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Alberta Health and Wellness Pharmaceutical Strategy (February 2011)

Reduced Pricing for Generic Prescription Medication

Effective April 1, 2010, new generic drug products entering the market were reduced to 45% of the brand name. The prices for those generic medications already listed as of March 31, 2010, remain at 56% of the brand name, as implemented in October 2009 (previously, generic prescription medication was priced at 75% of the brand name)

Impact to YOU, the Covered Member

Under ASEBP’s EHC plans, prescription medication is covered to a percentage (e.g., 100% under EHC Plan 1) based on the cost of the lowest cost alternative (LCA) for similar active ingredient and dosage. Often, the LCA is the generic medication. As such, most covered members have not experienced any change when getting a prescription filled.

Pharmacy Transition Allowance

Effective April 1, 2010, Alberta Health and Wellness also introduced a three-year temporary transition allowance program for every prescription under $75 to allow pharmacies time to adjust to the changes introduced by the reduced pricing for generic prescription medication. The transition allowance is structured as follows:

Date Transition Allowance Amount
April 1, 2010 $3 per prescription under $75
April 1, 2011 $2 per prescription under $75
April 1, 2012 $1 per prescription under $75
March 31, 2013 Last date of transition allowance program

The allowance does not apply to insulin, oral contraceptives, injectables, and diabetic supplies.

Impact to YOU, the Covered Member

The transition allowance is paid under ASEBP’s EHC plans (and is not subject to the dispensing fee maximum).

Pharmaceutical Strategy, Phase Two – Example of its Impact

Atorvastatin, the generic drug product for Lipitor, became an interchangeable LCA on July 1, 2010, a development which had a significant impact on ASEBP’s EHC plan.

Lipitor is a cholesterol-lowering prescription medicine. It costs approximately $1.79/tablet. Atorvastatin has the same active ingredient. It costs roughly $0.80/tablet.

In 2009, ASEBP paid $2.4 million in claims for Lipitor, about 5% of total drug costs. The introduction of the generic Atorvastatin is expected to reduce ASEBP’s costs for Lipitor/Atorvastatin by roughly half. So why aren’t costs being reduced to 45% as per the new generic pricing formula? For every prescription of Lipitor/Atorvastatin under $75, ASEBP pays a $3 transition fee, which will fall to $2 on April 1, 2011.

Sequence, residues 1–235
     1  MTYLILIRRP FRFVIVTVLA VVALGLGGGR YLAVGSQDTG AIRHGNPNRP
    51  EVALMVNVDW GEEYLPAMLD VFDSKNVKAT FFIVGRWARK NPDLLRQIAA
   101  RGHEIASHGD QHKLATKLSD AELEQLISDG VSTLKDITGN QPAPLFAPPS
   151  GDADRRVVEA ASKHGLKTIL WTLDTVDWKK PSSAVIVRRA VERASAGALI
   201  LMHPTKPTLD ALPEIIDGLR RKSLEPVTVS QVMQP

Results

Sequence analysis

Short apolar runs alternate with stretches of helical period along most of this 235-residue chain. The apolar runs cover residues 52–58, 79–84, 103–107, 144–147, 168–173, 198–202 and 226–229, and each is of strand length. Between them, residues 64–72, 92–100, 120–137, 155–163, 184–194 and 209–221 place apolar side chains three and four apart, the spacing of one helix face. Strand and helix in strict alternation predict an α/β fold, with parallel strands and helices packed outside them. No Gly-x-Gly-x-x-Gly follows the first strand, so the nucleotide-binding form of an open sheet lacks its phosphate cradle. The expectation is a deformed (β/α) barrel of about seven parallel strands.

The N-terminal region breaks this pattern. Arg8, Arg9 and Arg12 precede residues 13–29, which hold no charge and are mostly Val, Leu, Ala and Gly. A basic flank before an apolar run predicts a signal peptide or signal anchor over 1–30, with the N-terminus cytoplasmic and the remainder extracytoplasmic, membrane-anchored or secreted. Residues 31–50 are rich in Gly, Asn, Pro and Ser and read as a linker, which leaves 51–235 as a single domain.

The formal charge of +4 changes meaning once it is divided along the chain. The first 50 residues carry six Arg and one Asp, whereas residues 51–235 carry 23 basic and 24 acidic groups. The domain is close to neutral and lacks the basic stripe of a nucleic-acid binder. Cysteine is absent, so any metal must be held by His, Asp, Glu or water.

Net Impact of Alberta’s Pharmaceutical Strategy

The transition fee is paid on ALL prescriptions under $75, not just those for Lipitor and Atorvastatin. While significant, the savings related to Atorvastatin are not expected to immediately offset all of these additional costs.

After the announcement about the introduction of a transition fee and the reduced first-entry generic pricing formula, ASEBP predicted these changes would likely result in increased costs to ASEBP in the first year. ASEBP will be assessing the net impact to the EHC plan once the first year draws to a close on March 31, 2011.

On April 1, 2011, the transition fee is set to fall to $2 for each prescription under $75. Savings should begin to build as lower generic pricing remains in force and the transition fee begins to decrease.

However, the overall degree of savings to ASEBP’s EHC plan is dependent on when new generic medication is able to come to market. At this time, there are no dates for when the next blockbuster brand will come off patent. Without the introduction of cost-effective generic medications, the EHC plan will continue to see costs increase due to inflation and more people using prescription medicines.

About the Alberta Health and Wellness Pharmaceutical Strategy

In December 2008, Alberta Health and Wellness announced the Alberta Pharmaceutical Strategy. This strategy is being implemented in two phases and is designed to help make drug coverage more accessible, sustainable, and affordable for all Albertans.

Health in Action

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Posted: Feb 15 2011

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